Great stretches of sandy beaches is not anywhere but Canada right? Not quite, ex Toronto Star travel editor Jim Byers reveals Canada’s best beaches.
Canada is edged by vast stretches of coastline along both the Atlantic and Pacific Oceans, as well as surrounding the Great Lakes and countless other freshwater lakes and rivers.
All this adds up to glorious beaches from one side of Canada to the other, for a substantial part of the year (and in some cases year-round).
Lake Huron, the second-largest of the Great Lakes after Lake Superior, features a series of long, white-sand beaches that stretch along the ‘west coast’ of the province of Ontario.
The beaches here offer glorious sunsets, beach volleyball, fishing and, when wind and waves are right, even a bit of surfing.
Just a few hours’ drive from Toronto is Grand Bend, which features a nice stretch of sand as well as ice-cream outlets, surf shops and a much more Californian vibe.
Shediac is a short drive from Moncton, one of New Brunswick’s three major cities.
The sand dunes are pretty and the water comfortable in summer thanks to the Gulf Stream, which sends lovely warm water up from the coast of Florida.
Stop at Lobster Deck for a lobster roll and a mound of hot New Brunswick French fries.
And be sure to have your photo taken with the giant crustacean on the edge of town; kind of a restrained, Canadian version of Larry the Lobster in Queensland.
This is one of the finer surf spots in Canada.
The water’s on the cool side, so even in summer most folks wear wetsuits.
Storms in the fall can mean gnarly waves up this way, so keep an eye on the weather forecast.
You’ll find a long, deep beach with a nearby marsh area that’s great for kite surfing or kayaking. And you’re less than a half-hour from the charms of downtown Halifax.
There are several fabulous beaches right in the city. Just east of downtown is The Beaches neighbourhood, with a lovely boardwalk and a protected beach area that goes on for several kilometres.
There are several beaches on the Toronto Islands, including a family-friendly spot on the south side near a pier that juts into Lake Ontario and also on the west side at Hanlan’s Point, where you’ll find a legal nude beach.
In the city itself, Sugar Beach is in a commercial/industrial area right on the harbour. You can’t swim but there’s a fun sand box with pink umbrellas.
This is a Canadian beach town with a north Atlantic/European flair, as Gimli town has a number of Icelandic immigrants.
Located about an hour north of Winnipeg, they put on an Icelandic Festival every year in early August.
If you miss the festival, there are still cute restaurants, boutiques and an Icelandic heritage museum to check out.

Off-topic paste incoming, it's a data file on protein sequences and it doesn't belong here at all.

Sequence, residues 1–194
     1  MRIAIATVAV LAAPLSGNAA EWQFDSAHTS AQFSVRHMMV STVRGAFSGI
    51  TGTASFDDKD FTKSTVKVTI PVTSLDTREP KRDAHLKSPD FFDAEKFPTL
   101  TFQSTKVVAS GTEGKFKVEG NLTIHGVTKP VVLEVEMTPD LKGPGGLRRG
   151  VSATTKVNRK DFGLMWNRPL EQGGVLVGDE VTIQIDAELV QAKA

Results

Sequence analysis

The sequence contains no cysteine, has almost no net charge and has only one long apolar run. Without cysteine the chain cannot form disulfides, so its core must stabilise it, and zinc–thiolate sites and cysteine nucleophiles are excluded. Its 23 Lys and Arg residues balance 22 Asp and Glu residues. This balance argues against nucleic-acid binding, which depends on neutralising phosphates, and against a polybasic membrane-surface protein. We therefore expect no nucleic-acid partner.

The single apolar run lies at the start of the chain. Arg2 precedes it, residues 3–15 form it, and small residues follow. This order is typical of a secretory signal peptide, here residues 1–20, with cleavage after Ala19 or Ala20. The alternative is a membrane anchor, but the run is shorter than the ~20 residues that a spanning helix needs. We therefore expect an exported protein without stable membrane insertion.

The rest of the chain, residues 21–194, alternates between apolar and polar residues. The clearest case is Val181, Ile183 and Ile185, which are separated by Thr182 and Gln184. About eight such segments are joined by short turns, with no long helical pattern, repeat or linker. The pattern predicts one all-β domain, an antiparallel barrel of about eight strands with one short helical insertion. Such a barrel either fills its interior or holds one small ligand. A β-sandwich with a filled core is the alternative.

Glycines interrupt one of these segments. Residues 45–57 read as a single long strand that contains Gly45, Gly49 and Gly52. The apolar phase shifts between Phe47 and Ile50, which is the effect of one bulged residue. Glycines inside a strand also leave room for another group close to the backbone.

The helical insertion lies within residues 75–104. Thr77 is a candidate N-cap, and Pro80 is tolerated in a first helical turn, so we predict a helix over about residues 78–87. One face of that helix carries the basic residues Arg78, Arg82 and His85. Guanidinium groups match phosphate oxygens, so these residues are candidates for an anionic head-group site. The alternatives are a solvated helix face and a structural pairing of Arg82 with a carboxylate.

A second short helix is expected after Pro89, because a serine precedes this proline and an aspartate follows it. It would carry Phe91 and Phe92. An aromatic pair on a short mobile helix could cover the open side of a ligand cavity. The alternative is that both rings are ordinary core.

They show films on a screen suspended near the lake every summer as part of the Gimli Film Festival. Folks flock to the Beach Boy Restaurant for burgers or fresh pickerel.
Some of Canada’s finest (and often emptiest) beaches are found in the Iles-de-la-Madeleine, which are located in the Gulf of St. Lawrence east of Prince Edward Island but form part of the province of Quebec.
In addition to great food and French/Maritime culture, you’ll find long, lonely beaches that go on just short of forever, with golden sand and pretty dunes.
One of the best for walking or swimming is Old Harry, near the far northern tip of the island.
Probably the prettiest is at Cap Alright, with huge cliffs backing a small stretch of sand.
What’s that you say? Saskatchewan is a prairie city that’s as close to the ocean as Alice Springs?
Yes, but there are several lovely beaches along the broad, sweeping South Saskatchewan River. There’s a small beach right in the centre of trendy Saskatoon.
A few miles outside of town is a fine beach where folks often doff their duds and sunbathe in the nude.
The official name is Paradise Beach, but many locals know it as ‘Bare-Ass Beach’.
Another fine spot on Lake Ontario, just a couple of hours east of Toronto.
The sand dunes here look more like the Sahara Desert than anything you’d expect in Canada; giant, golden mounds of sand that slope down to warm-water beaches.
There’s a great provincial park for camping, or you could stay at a local B&B or the trendy Drake Devonshire hotel in nearby Wellington.
Sandbanks is in Prince Edward County, which has become a trendy food and wine area.
There’s a fantastic boardwalk that snakes its way through lovely dunes dotted with sea grass that will take you from the car park to the ocean.
The beach is a wide, long affair that sweeps along a small headland, with soft, beige-brown sand.
You can cycle the nearby Gulf Shore Way or try a canoe or kayak in the ocean or one of the parks many ponds.
Dalvay by the Sea is a lovely, old-style hotel-resort where Prince William and Kate stayed a few years back.
Another landlocked province, but with plenty of lakes to tempt beach goers.
The water isn’t so warm until maybe August, but you can stroll the 1.6-kilometre-long beach at Sylvan Lake for a good deal of the year and still enjoy the fresh air and lake views.
It’s a popular summer spot for sailing, volleyball, canoeing and more.
Read our story on surfing Torfino, Vancouver Island, British Columbia
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